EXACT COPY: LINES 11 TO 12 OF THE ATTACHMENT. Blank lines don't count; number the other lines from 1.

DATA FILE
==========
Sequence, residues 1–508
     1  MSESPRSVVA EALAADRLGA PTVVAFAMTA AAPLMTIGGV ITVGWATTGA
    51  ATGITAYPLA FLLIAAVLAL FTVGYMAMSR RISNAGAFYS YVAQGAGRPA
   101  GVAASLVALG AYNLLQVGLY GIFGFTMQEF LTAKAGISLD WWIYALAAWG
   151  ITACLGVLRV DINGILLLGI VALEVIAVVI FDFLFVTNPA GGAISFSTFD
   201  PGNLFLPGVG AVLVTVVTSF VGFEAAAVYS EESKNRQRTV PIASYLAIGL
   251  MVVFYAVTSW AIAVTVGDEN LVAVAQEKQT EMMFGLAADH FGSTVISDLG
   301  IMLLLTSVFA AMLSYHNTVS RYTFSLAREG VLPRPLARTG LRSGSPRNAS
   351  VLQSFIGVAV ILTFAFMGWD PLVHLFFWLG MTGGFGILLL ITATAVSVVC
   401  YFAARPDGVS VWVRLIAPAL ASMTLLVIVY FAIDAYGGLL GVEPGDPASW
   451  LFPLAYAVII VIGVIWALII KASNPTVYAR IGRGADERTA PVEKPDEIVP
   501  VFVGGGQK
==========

   451  LFPLAYAVII VIGVIWALII KASNPTVYAR IGRGADERTA PVEKPDEIVP
   501  VFVGGGQK